I wasn’t surprised when Dwayne dodged the knife and appeared on the other side of the living room in the blink of an eye. One of his fingers glowed with an archaic pattern along his skin then disappeared as the magic he used to speed across the room dissipated.
“Do you know how to knock?” I asked Dwayne as I slipped a hand under the counter.
“You turned an alpha,” he said. I rolled my eyes at the disgust in his voice.
He stomped toward me, lifting a clenched fist out. “And he’s killing people, innocents that don’t deserve to die.”
“Such is the way of the world.” I shrugged before finding the switch my fingers searched for under the counter.
Small lights around the apartment activated and added a blue tint to each room. Dwayne’s high-end, two-piece suit shimmered under the new light as it draped his broad shoulders. His previously smooth, dark skin now gleamed with ancient symbols. A familiar spell that Dwayne used to guard against my influence hid amongst the chaos of enchantment symbols that ran along the collar of his business shirt and spilled over onto his jaw. Even his shaved head sported complex scripture that continued across his high cheekbones and plump lips. I imagined the spell work covered every inch of his muscular form. It would’ve been fun to imagine if he weren’t such a douche bag.
“Is this really necessary?” Dwayne said as he adjusted the cuff of his suit jacket. “These lights won’t harm me, nor trap me.”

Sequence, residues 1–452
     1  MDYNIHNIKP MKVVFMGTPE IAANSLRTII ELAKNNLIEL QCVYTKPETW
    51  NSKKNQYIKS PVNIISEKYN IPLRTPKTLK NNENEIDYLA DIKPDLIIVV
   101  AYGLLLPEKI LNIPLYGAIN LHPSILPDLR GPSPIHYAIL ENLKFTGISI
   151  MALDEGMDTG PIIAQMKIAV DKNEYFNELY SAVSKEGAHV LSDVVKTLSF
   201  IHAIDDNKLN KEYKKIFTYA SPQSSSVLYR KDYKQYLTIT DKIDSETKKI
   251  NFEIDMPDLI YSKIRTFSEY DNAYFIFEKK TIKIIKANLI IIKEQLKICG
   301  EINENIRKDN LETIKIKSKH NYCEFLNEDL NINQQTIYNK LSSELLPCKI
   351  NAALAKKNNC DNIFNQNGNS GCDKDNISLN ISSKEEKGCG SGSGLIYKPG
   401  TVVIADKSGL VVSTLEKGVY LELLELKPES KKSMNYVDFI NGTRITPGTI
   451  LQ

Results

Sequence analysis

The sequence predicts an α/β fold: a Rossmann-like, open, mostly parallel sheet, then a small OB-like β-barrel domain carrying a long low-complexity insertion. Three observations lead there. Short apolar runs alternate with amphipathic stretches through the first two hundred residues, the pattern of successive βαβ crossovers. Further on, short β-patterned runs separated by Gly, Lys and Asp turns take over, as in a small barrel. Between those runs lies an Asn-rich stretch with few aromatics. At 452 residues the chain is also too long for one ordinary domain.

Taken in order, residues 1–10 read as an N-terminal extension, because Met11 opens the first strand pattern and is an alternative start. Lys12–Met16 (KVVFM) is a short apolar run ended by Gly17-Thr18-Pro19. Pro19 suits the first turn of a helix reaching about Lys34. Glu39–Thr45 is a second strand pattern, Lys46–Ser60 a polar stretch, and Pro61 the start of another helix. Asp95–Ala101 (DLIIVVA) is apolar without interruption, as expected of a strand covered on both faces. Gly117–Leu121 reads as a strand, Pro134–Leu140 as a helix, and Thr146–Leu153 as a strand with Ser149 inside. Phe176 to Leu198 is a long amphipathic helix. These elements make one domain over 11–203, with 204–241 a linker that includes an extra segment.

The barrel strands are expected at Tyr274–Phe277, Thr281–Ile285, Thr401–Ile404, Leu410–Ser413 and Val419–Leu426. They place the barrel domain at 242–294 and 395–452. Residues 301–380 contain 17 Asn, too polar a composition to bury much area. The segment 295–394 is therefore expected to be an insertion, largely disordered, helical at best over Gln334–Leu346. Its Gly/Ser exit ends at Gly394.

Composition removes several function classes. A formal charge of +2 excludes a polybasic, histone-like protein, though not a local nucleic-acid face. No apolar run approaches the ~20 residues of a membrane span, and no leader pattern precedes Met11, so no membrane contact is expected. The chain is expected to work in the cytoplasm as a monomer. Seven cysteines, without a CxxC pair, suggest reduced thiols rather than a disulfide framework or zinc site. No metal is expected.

I stepped into the living room and crossed my arms. “Of course not, I just want a good look at you.”
“You mean, my power.”
Dwayne stiffened as I circled him like a lioness eyeing an antelope that strayed too far from its herd. The patterns on his skin tell me this antelope has hidden horns and sharp claws. If I weren’t immortal, I might’ve been fearful.
“You’ve added to your repertoire. Even this suit’s had an upgrade.“
“I promised that I’d find a way to kill you someday.”
“You’re powerful, Dwayne, but not that powerful. Why come here? It’s not just about the alpha. You should’ve already cleaned up that mess, why haven’t you?”
“I have other priorities.”
“Ah, and there it is.” I smiled, and he narrowed his eyes at me. He was here for information. “What could I possibly know that the witches don’t?”
Dwayne cleared his throat and took a calming breath before he said, “Someone is selling Pulse in my territory. I want to stop them.”
“No, it’s been going on longer than that.”
“And you haven’t stopped them? Maybe you’re not as powerful as I thought.” I grinned when Dwayne clenched his jaw. Riling the witch up could be entertaining, but I had to walk a fine line if I wanted him to leave my penthouse intact. Finding an honest contractor in LA could be a challenge.
“I don’t know anything about this dealer. It’s not a drug one would find in the club scene. Anything else?”
Dwayne glanced out the window without answering, and I rolled my eyes. The uptight witch just needed to spit it out. I was losing my patience with the intruder.
“I don’t have time for this, Dwayne.”
“You have nothing but time.”
“And still, I don’t want to waste a minute more on you or any other witches. Get out.” I raised my arm to the door but paused when Dwayne’s brown eyes snapped to mine.
“What other witches?”
I dropped my arm and tilted my head in thought. “None. You’re the only one that bugs me in LA.”
“It’s my territory,” he said, and my eyes widened. I didn’t know that witches had territories. That must be a new ruling.
“And what if I came across another witch?”
“You tell me.” Dwayne clenched his fists at his sides. “I will deal with trespassers.”
“So you’re after another witch that’s trespassing? I thought all witches were benevolent and dedicated to protecting humans from monsters like me? If you’re starting to turn on each other, tell me now, and I’ll fetch the popcorn.”